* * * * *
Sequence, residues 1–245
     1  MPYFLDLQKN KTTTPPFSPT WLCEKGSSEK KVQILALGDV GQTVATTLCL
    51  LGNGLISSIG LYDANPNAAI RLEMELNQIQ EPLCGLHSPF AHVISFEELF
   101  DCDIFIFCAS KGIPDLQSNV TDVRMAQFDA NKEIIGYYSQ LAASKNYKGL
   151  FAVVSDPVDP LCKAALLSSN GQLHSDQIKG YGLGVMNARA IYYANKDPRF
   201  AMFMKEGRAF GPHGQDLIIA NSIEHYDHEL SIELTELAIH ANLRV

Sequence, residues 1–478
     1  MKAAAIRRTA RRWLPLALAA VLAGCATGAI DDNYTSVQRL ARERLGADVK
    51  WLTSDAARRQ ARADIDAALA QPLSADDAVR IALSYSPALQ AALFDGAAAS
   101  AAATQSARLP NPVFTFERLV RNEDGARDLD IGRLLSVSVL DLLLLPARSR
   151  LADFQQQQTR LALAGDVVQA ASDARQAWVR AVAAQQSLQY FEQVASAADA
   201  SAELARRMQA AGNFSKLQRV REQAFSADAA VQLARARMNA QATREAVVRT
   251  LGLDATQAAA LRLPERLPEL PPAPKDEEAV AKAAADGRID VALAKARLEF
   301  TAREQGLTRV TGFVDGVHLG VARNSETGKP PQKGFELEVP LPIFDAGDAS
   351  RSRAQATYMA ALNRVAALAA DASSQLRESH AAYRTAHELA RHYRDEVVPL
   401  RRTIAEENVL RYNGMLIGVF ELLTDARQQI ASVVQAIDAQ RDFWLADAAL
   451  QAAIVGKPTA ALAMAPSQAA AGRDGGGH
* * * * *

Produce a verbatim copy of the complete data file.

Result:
Sequence, residues 1–245
     1  MPYFLDLQKN KTTTPPFSPT WLCEKGSSEK KVQILALGDV GQTVATTLCL
    51  LGNGLISSIG LYDANPNAAI RLEMELNQIQ EPLCGLHSPF AHVISFEELF
   101  DCDIFIFCAS KGIPDLQSNV TDVRMAQFDA NKEIIGYYSQ LAASKNYKGL
   151  FAVVSDPVDP LCKAALLSSN GQLHSDQIKG YGLGVMNARA IYYANKDPRF
   201  AMFMKEGRAF GPHGQDLIIA NSIEHYDHEL SIELTELAIH ANLRV

Sequence, residues 1–478
     1  MKAAAIRRTA RRWLPLALAA VLAGCATGAI DDNYTSVQRL ARERLGADVK
    51  WLTSDAARRQ ARADIDAALA QPLSADDAVR IALSYSPALQ AALFDGAAAS
   101  AAATQSARLP NPVFTFERLV RNEDGARDLD IGRLLSVSVL DLLLLPARSR
   151  LADFQQQQTR LALAGDVVQA ASDARQAWVR AVAAQQSLQY FEQVASAADA
   201  SAELARRMQA AGNFSKLQRV REQAFSADAA VQLARARMNA QATREAVVRT
   251  LGLDATQAAA LRLPERLPEL PPAPKDEEAV AKAAADGRID VALAKARLEF
   301  TAREQGLTRV TGFVDGVHLG VARNSETGKP PQKGFELEVP LPIFDAGDAS
   351  RSRAQATYMA ALNRVAALAA DASSQLRESH AAYRTAHELA RHYRDEVVPL
   401  RRTIAEENVL RYNGMLIGVF ELLTDARQQI ASVVQAIDAQ RDFWLADAAL
   451  QAAIVGKPTA ALAMAPSQAA AGRDGGGH